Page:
Wednesday, December 13, 2006

Fifth Significant Commercial Infant Formula Danger for 2006

I believe that this FDA report is fifth significant/reported commercial infant formula danger in 2006 alone, the 3rd or 4th in the US: metal fragments in two different instances, chemicals, too much iron, no vitamin C, now too little calcium and phosporus (reported by the FDA 7 months after its discovery, if I am reading the article below correctly)...

The US goverment, through USDA/WIC is the largest single purchaser of formula in the US, and perhaps globally. One would hope that the monitoring and regulation would be more timely and more effective.

Given that the WIC breastfeeding support is supported by kick-backs, called "rebates", from the formula companies - which must be significantly overpaid for the formula by the government in order to be able to supply these "rebates" at the level of millions of dollars to each state. Isn't this situation worth some exploration?

FDA warns Nestle infant formula fails nutrition standards
By Jennifer Corbett Dooren
Last Update: 11:44 AM ET Dec 12, 2006
WASHINGTON (MarketWatch) -- The U.S. Food and Drug Administration warned Nestle S.A. (NSRGY) that a sample of its Good Start infant formula failed to meet minimum nutrition standards for calcium and phosphorus.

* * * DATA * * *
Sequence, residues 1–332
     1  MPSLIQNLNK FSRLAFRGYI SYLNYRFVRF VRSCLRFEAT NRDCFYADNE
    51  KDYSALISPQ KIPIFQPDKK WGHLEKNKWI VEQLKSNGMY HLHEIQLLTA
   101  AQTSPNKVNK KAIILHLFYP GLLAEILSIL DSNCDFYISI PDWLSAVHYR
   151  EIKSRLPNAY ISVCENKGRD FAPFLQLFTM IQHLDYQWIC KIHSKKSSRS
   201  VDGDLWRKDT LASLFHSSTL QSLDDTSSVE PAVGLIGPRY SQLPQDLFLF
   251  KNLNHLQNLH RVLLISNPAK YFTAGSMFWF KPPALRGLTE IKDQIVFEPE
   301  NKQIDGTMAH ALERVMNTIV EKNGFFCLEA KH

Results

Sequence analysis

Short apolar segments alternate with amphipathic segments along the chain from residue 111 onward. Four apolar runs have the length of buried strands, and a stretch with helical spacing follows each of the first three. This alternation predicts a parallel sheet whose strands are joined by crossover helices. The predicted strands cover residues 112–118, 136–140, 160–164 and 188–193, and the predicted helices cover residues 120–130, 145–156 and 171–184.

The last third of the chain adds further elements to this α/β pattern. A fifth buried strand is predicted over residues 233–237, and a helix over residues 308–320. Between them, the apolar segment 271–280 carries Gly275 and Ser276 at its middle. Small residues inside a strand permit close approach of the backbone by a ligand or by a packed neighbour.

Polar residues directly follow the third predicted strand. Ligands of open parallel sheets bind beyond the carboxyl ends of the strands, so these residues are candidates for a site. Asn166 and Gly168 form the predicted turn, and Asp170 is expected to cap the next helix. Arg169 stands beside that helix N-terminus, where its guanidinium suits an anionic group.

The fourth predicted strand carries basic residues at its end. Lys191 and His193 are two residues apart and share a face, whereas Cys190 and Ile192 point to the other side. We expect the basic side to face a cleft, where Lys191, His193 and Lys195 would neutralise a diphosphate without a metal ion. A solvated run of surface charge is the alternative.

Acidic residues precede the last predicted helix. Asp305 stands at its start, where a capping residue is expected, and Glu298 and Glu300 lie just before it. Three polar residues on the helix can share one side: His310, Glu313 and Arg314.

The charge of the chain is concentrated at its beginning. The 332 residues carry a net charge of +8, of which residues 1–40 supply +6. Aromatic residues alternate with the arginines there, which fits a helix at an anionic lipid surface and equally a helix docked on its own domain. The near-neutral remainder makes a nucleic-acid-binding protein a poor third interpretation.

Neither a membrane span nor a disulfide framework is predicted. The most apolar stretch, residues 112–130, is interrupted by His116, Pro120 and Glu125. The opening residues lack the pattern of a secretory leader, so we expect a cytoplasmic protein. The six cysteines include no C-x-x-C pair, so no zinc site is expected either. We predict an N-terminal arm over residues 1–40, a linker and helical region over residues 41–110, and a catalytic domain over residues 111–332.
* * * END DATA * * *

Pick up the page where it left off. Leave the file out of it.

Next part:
The Nov. 27 warning letter was posted Tuesday on the FDA's Web site.
The letter stemmed from a May inspection of a Nestle facility located in Eau Claire, Wis.
The FDA said on May 26, 2006, it collected a sample of Nestle brand Good Start Infant Formula with Iron, 13 fluid ounces, and tested it. The agency said the formula fell just short of the required FDA standards for calcium and phosphorus and also was less than the amount stated on the formula's label...The FDA said Nestle was in violation of federal regulations and was required to respond to the FDA detailing steps it has taken or will take to correct the problem. A message left with a spokeswoman for Nestle's U.S. unit in Glendale, Calif., wasn't immediately returned."

1 comment:

Anonymous said...

How can you be so radical?! if you would be a little smarter, you would analize the whole situation..not focusing on an extreme point. I think is good companies like Nestle exist, and can do the research necessary to make each time better infant formulas, for mother who work or are not able to breast feed...if they make good money of their bussiness they will have more money for research, if they can declare the properties the products have, it will incentive them to keep on developing more functional ingredients...y la gente pobre de todas formas no va a utilizar formulas...